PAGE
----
Howard alumni will have another cleanup day from 10 a.m. to 4 p.m. today to finish painting the football stadium. Volunteers are asked to bring scrapers, paint brushes and rollers. After sprucing up the stadium, alumni members say they would like to work on repairing the school's track. They're asking alumni and supporters to donate $10 each, hoping to raise a total of $1,500 for the work.
The football stadium at Howard School is so deteriorated that raw sewage tends to bubble up near the restrooms.
In the women's restroom, athletes and spectators are sometimes forced to tiptoe over standing water.
And the track is so pockmarked with damage that the school's sprinters aren't permitted to practice at their own school, let alone host meets there.
The school's state convinced 1963 Howard graduate George Maffet that he had to do something. The sight of children practicing football in knee-high grass made him cry.
"This ought not be," he said.
Now there is reason for cautious optimism in the Howard community, which long has sought replacement of the crumbling facility. Chattanooga has agreed to give the adjacent 20-acre Maurice Poss Homes property to the school system for an eventual new sports facility.
There's no money in the works now to actually construct one. The land is a blank slate.
Nevertheless, local businessman Gerald Mason, who has worked with Howard alumnus Reuben Lawrence and the Friends of Howard group to raise thousands of dollars for the school, said he is encouraged by the progress.
"That was the stumbling block we needed to get over," said Mason. "You can't raise money for a stadium without having the property. Now we'll go right into identifying the funds and where to get them from for this project. The Howard community needs this stadium."
Gary Waters, Hamilton County Schools assistant superintendent of facilities, estimates it would cost about $3.6 million to build a stadium with a track, football field and a field house with restrooms, dressing rooms and concession stands. It's unclear where the project ranks with Hamilton County school officials, who have tallied hundreds of millions of dollars in maintenance and construction needs.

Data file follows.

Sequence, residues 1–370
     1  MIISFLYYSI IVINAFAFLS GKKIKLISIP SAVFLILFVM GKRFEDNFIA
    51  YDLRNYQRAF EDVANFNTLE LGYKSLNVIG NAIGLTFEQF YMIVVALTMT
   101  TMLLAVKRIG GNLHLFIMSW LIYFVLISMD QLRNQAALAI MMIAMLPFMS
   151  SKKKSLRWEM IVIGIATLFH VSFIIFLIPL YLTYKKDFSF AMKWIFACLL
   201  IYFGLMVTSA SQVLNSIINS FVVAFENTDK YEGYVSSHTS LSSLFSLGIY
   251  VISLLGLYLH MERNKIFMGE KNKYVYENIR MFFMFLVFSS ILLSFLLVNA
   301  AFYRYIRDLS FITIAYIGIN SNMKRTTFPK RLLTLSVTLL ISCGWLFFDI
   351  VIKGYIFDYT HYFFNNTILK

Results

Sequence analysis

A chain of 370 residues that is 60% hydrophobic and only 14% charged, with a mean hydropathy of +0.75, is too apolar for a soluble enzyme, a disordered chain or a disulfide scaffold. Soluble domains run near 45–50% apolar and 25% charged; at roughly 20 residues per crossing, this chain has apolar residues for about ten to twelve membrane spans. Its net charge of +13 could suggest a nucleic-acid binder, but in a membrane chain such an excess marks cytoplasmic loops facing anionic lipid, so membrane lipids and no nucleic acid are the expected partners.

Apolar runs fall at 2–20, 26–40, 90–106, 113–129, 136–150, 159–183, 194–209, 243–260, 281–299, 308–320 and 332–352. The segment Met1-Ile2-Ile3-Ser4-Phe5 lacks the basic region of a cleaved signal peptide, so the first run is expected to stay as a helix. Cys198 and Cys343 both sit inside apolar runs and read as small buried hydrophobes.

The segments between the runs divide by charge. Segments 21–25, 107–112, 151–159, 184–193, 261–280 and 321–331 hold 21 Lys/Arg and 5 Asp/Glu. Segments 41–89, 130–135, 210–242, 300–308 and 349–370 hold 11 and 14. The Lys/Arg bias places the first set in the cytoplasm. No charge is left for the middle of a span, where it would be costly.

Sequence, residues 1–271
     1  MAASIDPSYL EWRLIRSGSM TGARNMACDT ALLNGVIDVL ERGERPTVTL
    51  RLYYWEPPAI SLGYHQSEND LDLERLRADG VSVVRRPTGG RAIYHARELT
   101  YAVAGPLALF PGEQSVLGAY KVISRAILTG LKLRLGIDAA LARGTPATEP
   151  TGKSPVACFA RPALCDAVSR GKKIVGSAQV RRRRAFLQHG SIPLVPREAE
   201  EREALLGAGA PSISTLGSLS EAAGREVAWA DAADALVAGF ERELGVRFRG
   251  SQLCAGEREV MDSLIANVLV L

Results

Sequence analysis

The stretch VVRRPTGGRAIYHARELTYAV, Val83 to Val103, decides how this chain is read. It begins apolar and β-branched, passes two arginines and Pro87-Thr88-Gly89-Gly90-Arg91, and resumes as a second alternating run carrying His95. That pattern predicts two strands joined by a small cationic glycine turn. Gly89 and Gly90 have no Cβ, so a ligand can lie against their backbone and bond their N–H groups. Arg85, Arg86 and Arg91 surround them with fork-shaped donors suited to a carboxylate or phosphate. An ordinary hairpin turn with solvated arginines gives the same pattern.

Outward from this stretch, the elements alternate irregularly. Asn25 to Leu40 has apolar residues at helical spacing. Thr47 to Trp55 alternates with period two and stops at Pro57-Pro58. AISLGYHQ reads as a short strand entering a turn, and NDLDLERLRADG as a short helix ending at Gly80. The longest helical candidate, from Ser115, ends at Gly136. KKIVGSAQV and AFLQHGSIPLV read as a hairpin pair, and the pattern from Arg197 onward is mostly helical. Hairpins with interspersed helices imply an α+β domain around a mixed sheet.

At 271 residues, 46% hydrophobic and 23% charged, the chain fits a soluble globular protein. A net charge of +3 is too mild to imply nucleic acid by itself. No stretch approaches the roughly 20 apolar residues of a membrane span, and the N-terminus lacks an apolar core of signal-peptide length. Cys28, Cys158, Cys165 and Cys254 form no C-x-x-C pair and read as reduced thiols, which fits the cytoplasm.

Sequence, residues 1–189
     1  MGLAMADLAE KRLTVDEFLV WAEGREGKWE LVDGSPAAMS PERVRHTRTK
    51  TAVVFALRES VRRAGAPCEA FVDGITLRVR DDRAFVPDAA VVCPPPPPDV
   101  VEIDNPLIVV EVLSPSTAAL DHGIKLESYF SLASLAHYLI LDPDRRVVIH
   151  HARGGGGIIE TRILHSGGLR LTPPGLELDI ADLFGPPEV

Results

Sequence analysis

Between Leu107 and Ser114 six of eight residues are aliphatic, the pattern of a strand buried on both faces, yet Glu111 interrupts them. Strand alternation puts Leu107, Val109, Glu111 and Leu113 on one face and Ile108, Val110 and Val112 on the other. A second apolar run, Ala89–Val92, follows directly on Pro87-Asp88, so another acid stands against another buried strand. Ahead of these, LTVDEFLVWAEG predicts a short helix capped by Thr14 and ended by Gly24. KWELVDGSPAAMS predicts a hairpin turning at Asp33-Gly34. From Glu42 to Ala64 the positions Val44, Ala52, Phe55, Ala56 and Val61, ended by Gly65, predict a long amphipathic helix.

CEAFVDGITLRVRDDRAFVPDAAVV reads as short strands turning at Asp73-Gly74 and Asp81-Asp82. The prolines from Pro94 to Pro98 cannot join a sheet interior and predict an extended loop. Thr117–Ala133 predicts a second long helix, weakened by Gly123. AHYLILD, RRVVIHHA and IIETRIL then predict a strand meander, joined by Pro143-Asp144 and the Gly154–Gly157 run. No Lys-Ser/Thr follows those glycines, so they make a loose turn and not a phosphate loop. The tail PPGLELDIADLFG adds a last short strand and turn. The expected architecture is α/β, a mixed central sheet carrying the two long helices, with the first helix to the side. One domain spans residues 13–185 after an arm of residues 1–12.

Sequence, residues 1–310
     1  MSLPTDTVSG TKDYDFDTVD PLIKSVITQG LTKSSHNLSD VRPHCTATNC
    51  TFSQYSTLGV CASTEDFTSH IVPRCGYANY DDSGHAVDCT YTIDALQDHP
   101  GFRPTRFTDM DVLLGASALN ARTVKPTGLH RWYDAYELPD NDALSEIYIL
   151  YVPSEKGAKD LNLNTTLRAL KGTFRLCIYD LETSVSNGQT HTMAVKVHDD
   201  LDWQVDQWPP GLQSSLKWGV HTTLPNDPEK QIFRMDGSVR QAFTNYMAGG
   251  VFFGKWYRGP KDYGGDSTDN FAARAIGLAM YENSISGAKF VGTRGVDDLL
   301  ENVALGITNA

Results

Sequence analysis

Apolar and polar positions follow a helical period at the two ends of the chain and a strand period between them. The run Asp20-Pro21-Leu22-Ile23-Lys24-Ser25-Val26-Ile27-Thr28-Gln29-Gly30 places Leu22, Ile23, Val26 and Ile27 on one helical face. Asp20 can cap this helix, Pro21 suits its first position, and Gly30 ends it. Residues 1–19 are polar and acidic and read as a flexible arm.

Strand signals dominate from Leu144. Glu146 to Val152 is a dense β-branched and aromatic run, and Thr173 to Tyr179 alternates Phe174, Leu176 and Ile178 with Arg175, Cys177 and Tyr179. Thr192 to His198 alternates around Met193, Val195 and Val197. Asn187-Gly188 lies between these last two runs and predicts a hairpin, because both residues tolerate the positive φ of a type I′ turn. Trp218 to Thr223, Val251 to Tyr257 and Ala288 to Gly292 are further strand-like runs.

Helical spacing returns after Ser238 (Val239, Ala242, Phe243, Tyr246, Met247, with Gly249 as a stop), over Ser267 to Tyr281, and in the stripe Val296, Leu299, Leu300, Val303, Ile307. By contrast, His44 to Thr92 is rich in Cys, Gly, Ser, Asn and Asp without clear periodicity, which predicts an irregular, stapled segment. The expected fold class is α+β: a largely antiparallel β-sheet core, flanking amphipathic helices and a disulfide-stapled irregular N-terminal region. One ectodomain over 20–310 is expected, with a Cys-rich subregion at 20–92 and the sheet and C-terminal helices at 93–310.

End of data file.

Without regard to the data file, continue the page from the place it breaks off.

"There are tremendous needs across the system," Waters said.
The city has given the school system six years to fund construction on the site. Otherwise, the land reverts to the city, said Travis McDonough, Mayor Andy Berke's chief of staff.
But even with a ticking clock, much of the Howard community isn't getting its hopes too high. After all, alumni have heard the promise of a new stadium before.
Former Principal Paul Smith told students and supporters that a new stadium was coming to the old Poss Homes land after people watched "Build Me A World," a documentary about the school, in August 2012.
"It's been mentioned over the last three or four years," said Henry Slayton, vice president of the Howard Alumni Association, "but it has never happened."
In recent years, Howard has had several rounds of physical improvements. The school system spent just more than $1 million for a new roof about a year ago, following a $17 million, top-to-bottom renovation in 2003.
But the stadium missed out, said Slayton. And no amount of cleanup can make up for the fact that the stadium lies in the flood plain of Chattanooga Creek. Heavy rains cause the creek to rise and water spills into the field and facilities.
Even with those problems, community members are working to maintain what they have.
"The county knows that this facility is old and probably beyond repair in some ways and so that's why we urge that one day, and hopefully soon, we will get a new stadium," said Principal Zac Brown. "But we're at this facility right now and we're going to do all we can do to have it in the best shape possible."
The school system recently delivered new paint and toilets, replacing stools dating from the original construction in 1954. In July, the school system replaced a septic tank, which cleared up the sewage problem, said Brown. And some 90 volunteers -- including 40 students -- worked Aug. 24 to spruce up the stadium.
Maffet said a contractor offered a discount price to pave the VIP parking area and the alumni association picked up the tab.
"We've got great kids here and great families and they deserve to have a stadium that is clean, that is pleasing to the eye," Brown said.
Mason and Lawrence said all the money they have raised over the years toward Howard's athletic department has gone back into the school.
The largest amount raised, about $185,000 in 2012, went to buy band instruments, said Mason. Now supporters are trying to raise $100,000 for band uniforms. In years past, boosters have paid to cheerleading camp and football players to camp. Some money also was used to help with the school library, he said.
But, Mason said, the needs at Howard have been so great that there has never been any money left to put toward a new stadium. Now he and Lawrence plan to raise money specifically for that purpose.
"We're going to try our best," said Lawrence.
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